CON­NECT­ING CHI­NESE UN­DER THE KIWI SKY

New Zealand Marketing - - Skykiwi -

With New Zealand’s di­verse so­ci­ety, Skykiwi chief ex­ec­u­tive Ally Zhang ex­plains how it’s help­ing Chi­nese ar­rivals feel at home, while also tak­ing New Zealand to the rest of the world.

Take a look around New Zealand and you’ll no­tice it's chang­ing. In the year end­ing Jan­uary 2018, New Zealand’s pop­u­la­tion grew by 70,100 peo­ple from coun­tries be­yond our bor­ders, 9,300 of whom were from China.

In the 2013 cen­sus, mi­gra­tion rates saw 171,411 peo­ple liv­ing in New Zealand iden­tify them­selves as be­ing part of the Chi­nese com­mu­nity. Of those, 26.6 per­cent were born in New Zealand and 73.4 per­cent were born over­seas. The most com­mon re­gion this group lived was Auck­land.

Cap­tur­ing more than 90 per­cent of the Chi­nese mar­ket in New Zealand is Skykiwi, with over 100,000 daily ac­tive users and 310,000 reg­is­tered Chi­nese ex­pats, stu­dents and ‘Chi­wis’.

An evolv­ing au­di­ence

It all started in 2001, when a group of Chi­nese stu­dents liv­ing in New Zealand set up Skykiwi as an on­line dis­cus­sion fo­rum and dig­i­tal hub to learn more about their new home.

Users could visit the site to talk to oth­ers, and read news taken from main­stream me­dia such as RNZ, Stuff and The New Zealand Her­ald, that had been trans­lated and edited for Skykiwi’s Chi­nese-speak­ing au­di­ence.

Sum­ming up its role to the com­mu­nity is its name, which Zhang says rep­re­sents “Chi­nese liv­ing un­der the Kiwi sky”.

“If you look at year 2000, a big spike of in­ter­na­tional stu­dents ar­rived in New Zealand to study here,” says Zhang. “When they ar­rived they have no idea about this place so they are ask­ing: where should I buy my books etc.”

Zhang was one of those stu­dents, a mi­grant from Bei­jing who in­vested in the web­site along with a suc­cess­ful busi­ness­man from China.

Fast for­ward to to­day, and the Skykiwi fo­rum has ex­panded. No longer only mon­e­tised through ad­ver­tis­ers, it's di­ver­si­fied its op­er­a­tions into event and func­tion man­age­ment and turned its at­ten­tion to over­seas mar­kets.

Clients are in China, Aus­tralia, Sin­ga­pore and Canada, and all want to con­nect with Skykiwi’s user­base.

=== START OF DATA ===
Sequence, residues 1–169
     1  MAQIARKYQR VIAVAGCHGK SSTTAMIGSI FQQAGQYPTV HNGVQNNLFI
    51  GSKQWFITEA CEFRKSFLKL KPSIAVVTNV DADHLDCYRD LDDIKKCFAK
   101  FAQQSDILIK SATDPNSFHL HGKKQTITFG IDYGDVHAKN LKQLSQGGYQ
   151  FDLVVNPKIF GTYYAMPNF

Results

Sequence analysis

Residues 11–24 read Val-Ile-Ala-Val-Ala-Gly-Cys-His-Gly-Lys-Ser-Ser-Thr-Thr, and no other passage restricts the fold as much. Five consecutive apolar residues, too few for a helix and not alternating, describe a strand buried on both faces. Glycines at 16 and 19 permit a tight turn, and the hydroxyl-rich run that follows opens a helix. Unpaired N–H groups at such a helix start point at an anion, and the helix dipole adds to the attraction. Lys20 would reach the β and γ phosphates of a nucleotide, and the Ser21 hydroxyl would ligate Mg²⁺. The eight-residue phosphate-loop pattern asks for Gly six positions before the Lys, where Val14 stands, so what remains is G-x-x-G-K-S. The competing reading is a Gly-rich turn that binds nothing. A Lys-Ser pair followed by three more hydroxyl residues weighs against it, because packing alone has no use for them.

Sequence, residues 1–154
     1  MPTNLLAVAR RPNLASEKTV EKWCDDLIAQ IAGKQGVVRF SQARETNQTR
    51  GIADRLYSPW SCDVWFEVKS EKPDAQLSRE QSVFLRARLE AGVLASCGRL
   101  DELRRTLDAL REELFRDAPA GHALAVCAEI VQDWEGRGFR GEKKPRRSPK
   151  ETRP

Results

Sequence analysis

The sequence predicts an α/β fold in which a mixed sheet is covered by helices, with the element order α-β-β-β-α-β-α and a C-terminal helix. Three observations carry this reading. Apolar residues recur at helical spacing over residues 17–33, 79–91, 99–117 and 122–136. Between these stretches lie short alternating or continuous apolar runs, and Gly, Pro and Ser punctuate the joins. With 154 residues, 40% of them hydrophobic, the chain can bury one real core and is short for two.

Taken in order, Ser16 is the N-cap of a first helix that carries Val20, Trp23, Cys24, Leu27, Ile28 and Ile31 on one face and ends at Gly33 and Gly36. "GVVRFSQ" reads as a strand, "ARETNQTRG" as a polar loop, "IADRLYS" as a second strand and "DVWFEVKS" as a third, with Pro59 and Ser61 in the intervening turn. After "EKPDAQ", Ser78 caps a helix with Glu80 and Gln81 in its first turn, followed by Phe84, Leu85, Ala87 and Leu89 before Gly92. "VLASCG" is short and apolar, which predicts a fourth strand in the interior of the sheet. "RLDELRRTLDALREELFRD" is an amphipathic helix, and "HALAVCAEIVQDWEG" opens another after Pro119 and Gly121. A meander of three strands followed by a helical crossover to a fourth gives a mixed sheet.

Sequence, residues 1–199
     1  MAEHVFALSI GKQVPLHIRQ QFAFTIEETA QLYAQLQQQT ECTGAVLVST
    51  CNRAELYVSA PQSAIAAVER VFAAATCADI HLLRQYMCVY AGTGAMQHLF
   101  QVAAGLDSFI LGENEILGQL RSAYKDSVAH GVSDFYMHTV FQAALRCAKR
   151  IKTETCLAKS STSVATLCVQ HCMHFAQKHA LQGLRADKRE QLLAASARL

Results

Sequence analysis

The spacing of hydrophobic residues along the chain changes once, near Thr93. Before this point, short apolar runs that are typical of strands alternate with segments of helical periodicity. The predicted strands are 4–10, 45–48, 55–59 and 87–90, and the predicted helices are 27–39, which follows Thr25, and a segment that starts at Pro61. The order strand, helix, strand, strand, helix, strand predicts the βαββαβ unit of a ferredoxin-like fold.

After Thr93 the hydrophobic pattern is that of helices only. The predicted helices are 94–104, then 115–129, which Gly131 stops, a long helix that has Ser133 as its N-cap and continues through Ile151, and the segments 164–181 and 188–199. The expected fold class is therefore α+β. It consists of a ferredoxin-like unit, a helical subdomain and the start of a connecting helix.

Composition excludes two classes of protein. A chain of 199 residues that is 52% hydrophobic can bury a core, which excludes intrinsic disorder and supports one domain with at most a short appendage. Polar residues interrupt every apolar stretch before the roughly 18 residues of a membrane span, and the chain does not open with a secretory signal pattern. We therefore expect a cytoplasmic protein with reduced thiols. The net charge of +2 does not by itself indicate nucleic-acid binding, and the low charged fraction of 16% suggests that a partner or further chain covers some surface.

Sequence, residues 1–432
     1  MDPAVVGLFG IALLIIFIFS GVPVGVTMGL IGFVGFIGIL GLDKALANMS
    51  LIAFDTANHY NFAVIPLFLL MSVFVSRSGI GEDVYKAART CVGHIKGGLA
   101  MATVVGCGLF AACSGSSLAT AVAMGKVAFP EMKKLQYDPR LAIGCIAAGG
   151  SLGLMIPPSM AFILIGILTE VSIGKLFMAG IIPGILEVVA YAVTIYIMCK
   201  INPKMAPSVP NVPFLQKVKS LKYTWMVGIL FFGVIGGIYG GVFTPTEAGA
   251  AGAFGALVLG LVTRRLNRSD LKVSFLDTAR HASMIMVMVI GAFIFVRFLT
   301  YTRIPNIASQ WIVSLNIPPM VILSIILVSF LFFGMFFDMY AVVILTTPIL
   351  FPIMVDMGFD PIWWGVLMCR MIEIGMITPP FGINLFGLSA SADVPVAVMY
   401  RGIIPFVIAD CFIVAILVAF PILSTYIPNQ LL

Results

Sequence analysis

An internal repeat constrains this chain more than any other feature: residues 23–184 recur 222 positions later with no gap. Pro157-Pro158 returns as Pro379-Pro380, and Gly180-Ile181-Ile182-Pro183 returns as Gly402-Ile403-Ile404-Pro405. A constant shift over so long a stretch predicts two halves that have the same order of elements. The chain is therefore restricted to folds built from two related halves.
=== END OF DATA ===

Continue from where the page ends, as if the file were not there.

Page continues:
The team is now round 70 peo­ple, and in­cludes jour­nal­ists pro­duc­ing orig­i­nal con­tent along­side that trans­lated from main­stream me­dia.

It’s also spread across the coun­try with of­fices in Welling­ton, South­land and Christchurch.

Why speak New Zealand

Since Skykiwi’s early days as a fo­rum, its found­ing au­di­ence has grown up, grad­u­ated univer­sity, taken up jobs, bought houses and started fam­i­lies. Their lives are now fully im­mersed in New Zealand.

So why is it they need a Chi­nese web­site to visit to read news and con­nect with other Chi­nese liv­ing in New Zealand.

Zhang ex­plains Skykiwi’s au­di­ence isn’t ex­clu­sive, and sees the web­site as com­ple­men­tary to New Zealand’s main­stream me­dia.

She says af­ter a day speak­ing English, they come home and want some­thing easy to take in. It’s also used by fam­i­lies want­ing their chil­dren to grow up speak­ing both lan­guages. In 2013, cen­sus data showed 78.8 per­cent of Chi­nese spoke English.

On top of their bilin­gual abil­ity, Chi­nese who speak Chi­nese at home con­sume a lot of dig­i­tal me­dia and Skykiwi can sat­isfy this.

Not sur­pris­ingly, Chi­nese have the great­est ac­cess to the in­ter­net when com­pared to the Asian eth­nic group and the New Zealand pop­u­la­tion.

Ac­cord­ing to Stats NZ, in 2013, 90.7 per­cent of Chi­nese had ac­cess to the In­ter­net, com­pared to 90.2 per­cent of Asians and 82 per­cent of the New Zealand pop­u­la­tion.

Be­yond New Zealand skies

Be­yond those liv­ing un­der the New Zealand sky, Skykiwi also ser­vices Chi­nese liv­ing in China, so much so, 20 per­cent of its daily ac­tive users are based there.

While the dig­i­tal na­ture of the plat­form makes it easy for Skykiwi to reach Chi­nese in all coun­tries, in China it’s work­ing with the coun­try’s ma­jor do­mes­tic air­lines to in­ject video into their in­flight en­ter­tain­ment as well as do­mes­tic bus com­pa­nies that also have pas­sen­ger screens.

Through this, Zhang ex­plains it’s con­nect­ing Chi­nese peo­ple with New Zealand and New Zealand prod­ucts.

“If I’m think­ing of go­ing to New Zealand for travel or what­ever rea­son, where am I go­ing to go? Skykiwi.”

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